Each paper that Ada wrote was a gem, the fruit of deep immersion in the subject of her enquiry. In the last years of her life, many of these articles were collected into weighty volumes. The first of these, Women and the Messianic Heresy of Sabbatai Zevi 1666–1816 (Littman Library, 2011), represented a fundamental stage in her research – it was on this topic that she first lectured at the conference held in Jerusalem in memory of Gershom Scholem in 1997. Having spent many years demonstrating that Hasidism, like other streams of Judaism, did not endow women with equality in religious life – and refuting, therefore, the much publicised views of Samuel Abba Horodetsky – she discovered the ‘unique and remarkable anomaly’ of the Sabbatian movement, which overturned the traditional norms that separated male from female. In her words, it brought about a ‘veritable gender revolution’ populated by female prophets and female religious activists. In her pioneering investigations into the world of another pseudo-Messiah, Jacob Frank, she was able to chart how Frank's messianic doctrines were inextricably bound up with rituals that involved both men and women. Her arguments were never limited to Jewish sources. Rather, she made every effort to examine the heresies that she was studying in the context of the world in which they came to flourish. Thus, for example, she was able to chart Frank's adoption of Muslim sectarian practices on the one hand and also how he was influenced by the Catholic cult of the Black Madonna on the other.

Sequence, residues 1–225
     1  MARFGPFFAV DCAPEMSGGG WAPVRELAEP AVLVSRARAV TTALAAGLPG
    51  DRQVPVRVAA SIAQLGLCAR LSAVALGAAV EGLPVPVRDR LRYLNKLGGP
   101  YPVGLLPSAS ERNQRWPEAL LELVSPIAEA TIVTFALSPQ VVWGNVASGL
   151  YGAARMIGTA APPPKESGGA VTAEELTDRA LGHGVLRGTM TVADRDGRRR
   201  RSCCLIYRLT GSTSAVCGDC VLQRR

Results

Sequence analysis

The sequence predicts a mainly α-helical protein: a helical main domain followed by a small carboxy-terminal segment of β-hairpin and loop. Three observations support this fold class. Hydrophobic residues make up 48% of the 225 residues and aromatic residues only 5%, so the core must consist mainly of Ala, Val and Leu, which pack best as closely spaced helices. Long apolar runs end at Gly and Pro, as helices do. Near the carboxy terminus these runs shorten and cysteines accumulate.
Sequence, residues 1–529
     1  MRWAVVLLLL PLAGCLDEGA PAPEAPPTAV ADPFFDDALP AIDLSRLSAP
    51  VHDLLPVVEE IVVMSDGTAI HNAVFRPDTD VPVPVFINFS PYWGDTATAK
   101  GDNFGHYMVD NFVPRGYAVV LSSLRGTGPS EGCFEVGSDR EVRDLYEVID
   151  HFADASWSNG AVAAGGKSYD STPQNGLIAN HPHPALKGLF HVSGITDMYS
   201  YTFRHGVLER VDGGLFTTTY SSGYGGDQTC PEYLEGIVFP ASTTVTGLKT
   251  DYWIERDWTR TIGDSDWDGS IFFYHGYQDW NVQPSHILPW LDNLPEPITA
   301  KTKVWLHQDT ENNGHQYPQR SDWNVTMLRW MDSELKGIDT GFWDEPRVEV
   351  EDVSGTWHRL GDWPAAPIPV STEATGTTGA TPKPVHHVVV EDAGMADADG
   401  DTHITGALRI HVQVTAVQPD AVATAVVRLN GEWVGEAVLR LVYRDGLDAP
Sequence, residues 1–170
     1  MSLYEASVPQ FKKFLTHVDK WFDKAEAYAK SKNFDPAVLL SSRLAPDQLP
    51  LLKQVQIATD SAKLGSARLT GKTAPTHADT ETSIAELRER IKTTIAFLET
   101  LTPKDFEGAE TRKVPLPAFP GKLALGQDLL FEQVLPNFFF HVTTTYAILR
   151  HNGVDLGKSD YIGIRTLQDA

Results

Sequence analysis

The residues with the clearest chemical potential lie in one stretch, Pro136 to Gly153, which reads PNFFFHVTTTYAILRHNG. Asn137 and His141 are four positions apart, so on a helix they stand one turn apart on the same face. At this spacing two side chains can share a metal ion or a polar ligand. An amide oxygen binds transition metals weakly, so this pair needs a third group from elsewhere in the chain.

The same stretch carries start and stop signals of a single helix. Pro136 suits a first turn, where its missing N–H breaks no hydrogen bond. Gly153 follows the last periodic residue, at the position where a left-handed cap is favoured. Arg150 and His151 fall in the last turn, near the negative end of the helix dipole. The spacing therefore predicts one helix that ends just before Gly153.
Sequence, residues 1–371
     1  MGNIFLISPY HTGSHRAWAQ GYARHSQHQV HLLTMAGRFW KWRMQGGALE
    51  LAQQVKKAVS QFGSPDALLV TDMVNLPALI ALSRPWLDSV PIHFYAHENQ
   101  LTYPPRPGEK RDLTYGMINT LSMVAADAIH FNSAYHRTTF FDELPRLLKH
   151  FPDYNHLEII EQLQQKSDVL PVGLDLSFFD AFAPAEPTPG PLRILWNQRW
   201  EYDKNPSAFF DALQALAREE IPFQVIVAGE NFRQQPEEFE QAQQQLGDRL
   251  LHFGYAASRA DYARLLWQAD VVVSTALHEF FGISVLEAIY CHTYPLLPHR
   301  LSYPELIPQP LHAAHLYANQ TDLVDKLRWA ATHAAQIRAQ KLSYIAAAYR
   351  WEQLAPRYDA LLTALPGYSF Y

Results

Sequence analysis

In 2015, Immanuel Etkes and David Assaf published a collection of Ada's articles in Hebrew prefaced by the editors’ introduction to her scholarly work. This volume contained some of her main essays on Nahman of Bratslav and her studies on women, including her historiographical masterpiece about the Maid of Ludmir, ‘Hagiography with Footnotes: Edifying Tales and the Writing of Hasidism’. Yet another testimony to her significant contribution to the study of Hasidism was the 2018 volume Hasidic Studies: Essays in History and Gender. A fellow scholar of Hasidism, Moshe Rosman, composed an introduction to the book. His title, ‘Changing the Narrative of the History of Hasidism’, tells all.

Ada was possessed of an indomitable spirit. Though the shadow of death hovered over her, she continued to work to the end. Her last contribution to the world of scholarship was to co-edit (with Marcin Wodzin´ski and François Guesnet) a volume of the journal Polin (issue 33) devoted to Jewish Religious Life in Poland since 1750. As her fellow editors would be the first to admit, her presence shines through the volume. Nothing less than perfect was allowed to go to press. The volume has now just been published and launched, and become a memorial to this extraordinary woman, a bewitching personality, intensely humane and kind, loving and loved by all those who had the privilege to know her.

Contributor Notes

Joanna Weinberg is Professor Emerita of Early Modern Jewish History and Rabbinics at the University of Oxford.